Academic deans play an essential role in the ongoing success of their academic units, yet regrettably, they tend to serve terms of five years or less on average (Butin, 2016; Greicar, 2009; Robbins & Schmitt, 1994). This high turnover rate, combined with the various challenges of recruiting and developing new leaders from less-than-robust candidate pools (Appadurai, 2009; Bornstein, 2010; DeZure, Shaw, & Rojewski, 2014; Luna, 2012; Mead-Fox, 2009; Reichert, 2016), makes the longevity of deans a vital matter for higher education. To better understand deans’ perceptions about their own longevity, we sought to identify the factors that they believe are most influential in determining whether to remain in or depart from their positions.
Addressing this question takes on special significance given that: (1) resilience in the role of dean can often be a barometer of effectiveness, (2) certain elements and demands of the job can be overwhelming enough to limit longevity, and (3) institutions might realize better retention of effective deans if they know what contributes most to their interest and willingness to stay in their positions, or conversely, what predisposes them to exiting.
With these considerations in mind, a national survey of standing academic deans was conducted in partnership with ACAD and CCAS (the Council of Colleges of Arts and Sciences). The current survey grew out of a prior qualitative investigation of education deans’ perceptions of factors that would influence their longevity. Specifically, we wanted to ascertain the relative impact of a range of 26 factors identified in the qualitative study as contributing to either staying or exiting the dean’s role among a greater range of academic deans. We also were curious to see if these factors might differentially affect perceptions about staying or exiting the position if the same factor was stated to support or not support longevity (e.g., You still have goals to accomplish; Realistically you have accomplished all that you can).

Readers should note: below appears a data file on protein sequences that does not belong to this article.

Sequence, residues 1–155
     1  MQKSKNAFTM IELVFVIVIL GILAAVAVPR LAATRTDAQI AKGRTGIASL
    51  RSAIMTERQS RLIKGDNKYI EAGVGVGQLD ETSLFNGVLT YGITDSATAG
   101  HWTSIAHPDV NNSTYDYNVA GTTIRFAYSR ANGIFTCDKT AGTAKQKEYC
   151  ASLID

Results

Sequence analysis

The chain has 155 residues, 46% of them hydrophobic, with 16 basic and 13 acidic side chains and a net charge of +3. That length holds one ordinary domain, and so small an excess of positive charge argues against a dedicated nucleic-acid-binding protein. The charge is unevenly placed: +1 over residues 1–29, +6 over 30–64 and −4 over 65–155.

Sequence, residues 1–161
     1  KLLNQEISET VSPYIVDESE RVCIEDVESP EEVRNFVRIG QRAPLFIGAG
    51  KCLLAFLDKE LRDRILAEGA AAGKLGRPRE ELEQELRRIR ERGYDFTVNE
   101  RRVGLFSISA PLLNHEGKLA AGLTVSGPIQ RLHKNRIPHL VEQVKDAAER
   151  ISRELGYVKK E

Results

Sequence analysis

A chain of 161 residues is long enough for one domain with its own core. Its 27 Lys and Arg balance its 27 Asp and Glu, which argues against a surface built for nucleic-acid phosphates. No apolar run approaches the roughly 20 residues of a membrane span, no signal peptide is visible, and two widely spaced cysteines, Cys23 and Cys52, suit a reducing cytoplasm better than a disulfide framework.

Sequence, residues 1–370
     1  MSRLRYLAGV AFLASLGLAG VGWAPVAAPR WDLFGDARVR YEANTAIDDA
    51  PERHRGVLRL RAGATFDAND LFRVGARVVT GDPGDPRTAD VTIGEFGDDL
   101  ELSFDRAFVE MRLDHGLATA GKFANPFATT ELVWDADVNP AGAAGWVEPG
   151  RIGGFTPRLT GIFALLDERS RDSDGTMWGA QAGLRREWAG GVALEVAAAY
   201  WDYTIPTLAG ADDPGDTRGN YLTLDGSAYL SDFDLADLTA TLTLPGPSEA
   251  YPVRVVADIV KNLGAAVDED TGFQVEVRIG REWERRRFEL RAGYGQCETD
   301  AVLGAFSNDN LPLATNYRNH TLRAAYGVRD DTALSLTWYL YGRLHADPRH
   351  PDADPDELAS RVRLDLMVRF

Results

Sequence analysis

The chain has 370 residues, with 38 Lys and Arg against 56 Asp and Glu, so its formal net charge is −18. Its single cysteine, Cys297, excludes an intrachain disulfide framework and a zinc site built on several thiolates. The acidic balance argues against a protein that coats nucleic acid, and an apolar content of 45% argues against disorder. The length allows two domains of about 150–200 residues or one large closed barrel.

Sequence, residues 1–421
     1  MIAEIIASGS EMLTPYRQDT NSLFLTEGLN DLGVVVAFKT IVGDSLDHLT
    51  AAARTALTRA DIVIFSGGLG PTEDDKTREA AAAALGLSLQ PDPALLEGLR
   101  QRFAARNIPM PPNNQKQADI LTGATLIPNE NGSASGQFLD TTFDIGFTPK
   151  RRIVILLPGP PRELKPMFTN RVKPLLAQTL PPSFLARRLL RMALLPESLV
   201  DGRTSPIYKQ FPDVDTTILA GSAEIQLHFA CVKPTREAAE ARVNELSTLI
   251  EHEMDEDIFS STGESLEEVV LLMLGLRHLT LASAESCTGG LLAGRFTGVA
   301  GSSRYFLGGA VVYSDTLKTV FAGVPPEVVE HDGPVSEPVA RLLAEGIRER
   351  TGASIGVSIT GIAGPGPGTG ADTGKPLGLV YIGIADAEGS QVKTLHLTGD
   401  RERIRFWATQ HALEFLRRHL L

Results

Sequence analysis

Of special import, we sought to test whether the presumed superordinate factor, job satisfaction (which emerged as the principal influence in the qualitative study), and its converse, job dissatisfaction, held up when studied empirically using exploratory factor analytic techniques. Finally, we were curious to see if there were other factors that should have been considered or if the data collection may have been affected by the COVID-19 pandemic.
Our instrument, known as the Academic Leadership Longevity Survey, included a series of demographic probes and 52 Likert style target items, split evenly between the 26 factors associated with deans remaining in or vacating their positions. Two additional open-ended items asked for input on possible factors that were not addressed, and one Likert item queried respondents about COVID-19’s impact on their responses.
With the assistance of ACAD and CCAS, some 272 deans drawn from a notable range of different academic disciplines completed the electronic survey. Some 55% of the respondents identified as female, and 45% identified as male. Eighty percent of the respondents were 50 years or older, and 31% were 65 years or older. Ninety percent of the respondents identified as White, 4% as Black, 3% as Hispanic, 2% as Asian/Pacific Islander, and 1% as Other.